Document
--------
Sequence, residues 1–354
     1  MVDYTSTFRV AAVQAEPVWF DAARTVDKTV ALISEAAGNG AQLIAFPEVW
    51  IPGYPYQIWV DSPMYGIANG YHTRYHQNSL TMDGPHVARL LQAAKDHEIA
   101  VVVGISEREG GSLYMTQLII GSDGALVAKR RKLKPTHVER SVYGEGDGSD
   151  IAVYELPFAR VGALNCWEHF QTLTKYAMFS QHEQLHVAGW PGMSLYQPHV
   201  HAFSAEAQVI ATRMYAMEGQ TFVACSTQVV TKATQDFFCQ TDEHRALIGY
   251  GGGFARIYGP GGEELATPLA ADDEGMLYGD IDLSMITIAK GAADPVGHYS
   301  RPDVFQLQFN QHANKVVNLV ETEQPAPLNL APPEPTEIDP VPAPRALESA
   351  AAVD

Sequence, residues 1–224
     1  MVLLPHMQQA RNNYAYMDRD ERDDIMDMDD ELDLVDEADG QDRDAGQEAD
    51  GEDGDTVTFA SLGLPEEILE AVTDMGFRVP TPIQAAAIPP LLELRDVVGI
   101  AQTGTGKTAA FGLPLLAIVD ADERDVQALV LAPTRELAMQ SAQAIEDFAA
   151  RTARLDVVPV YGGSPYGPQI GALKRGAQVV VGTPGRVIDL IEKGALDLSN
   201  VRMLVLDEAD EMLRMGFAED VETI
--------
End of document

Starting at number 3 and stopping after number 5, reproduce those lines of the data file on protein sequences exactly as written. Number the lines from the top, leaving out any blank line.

    51  IPGYPYQIWV DSPMYGIANG YHTRYHQNSL TMDGPHVARL LQAAKDHEIA
   101  VVVGISEREG GSLYMTQLII GSDGALVAKR RKLKPTHVER SVYGEGDGSD
   151  IAVYELPFAR VGALNCWEHF QTLTKYAMFS QHEQLHVAGW PGMSLYQPHV